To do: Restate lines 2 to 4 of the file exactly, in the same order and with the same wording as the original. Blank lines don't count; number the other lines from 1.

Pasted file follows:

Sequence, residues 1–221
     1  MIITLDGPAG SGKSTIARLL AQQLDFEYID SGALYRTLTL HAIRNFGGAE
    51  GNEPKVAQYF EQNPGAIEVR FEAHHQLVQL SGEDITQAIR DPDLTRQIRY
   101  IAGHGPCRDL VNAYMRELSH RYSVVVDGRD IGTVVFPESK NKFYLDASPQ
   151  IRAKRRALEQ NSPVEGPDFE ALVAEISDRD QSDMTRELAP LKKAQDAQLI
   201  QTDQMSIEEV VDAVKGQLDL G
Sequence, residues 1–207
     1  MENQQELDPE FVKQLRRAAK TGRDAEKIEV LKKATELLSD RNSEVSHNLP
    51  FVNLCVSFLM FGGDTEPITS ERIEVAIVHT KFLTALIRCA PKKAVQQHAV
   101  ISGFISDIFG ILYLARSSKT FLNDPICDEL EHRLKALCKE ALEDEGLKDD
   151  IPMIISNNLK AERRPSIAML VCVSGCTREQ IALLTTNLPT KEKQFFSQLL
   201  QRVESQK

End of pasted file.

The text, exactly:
     1  MIITLDGPAG SGKSTIARLL AQQLDFEYID SGALYRTLTL HAIRNFGGAE
    51  GNEPKVAQYF EQNPGAIEVR FEAHHQLVQL SGEDITQAIR DPDLTRQIRY
   101  IAGHGPCRDL VNAYMRELSH RYSVVVDGRD IGTVVFPESK NKFYLDASPQ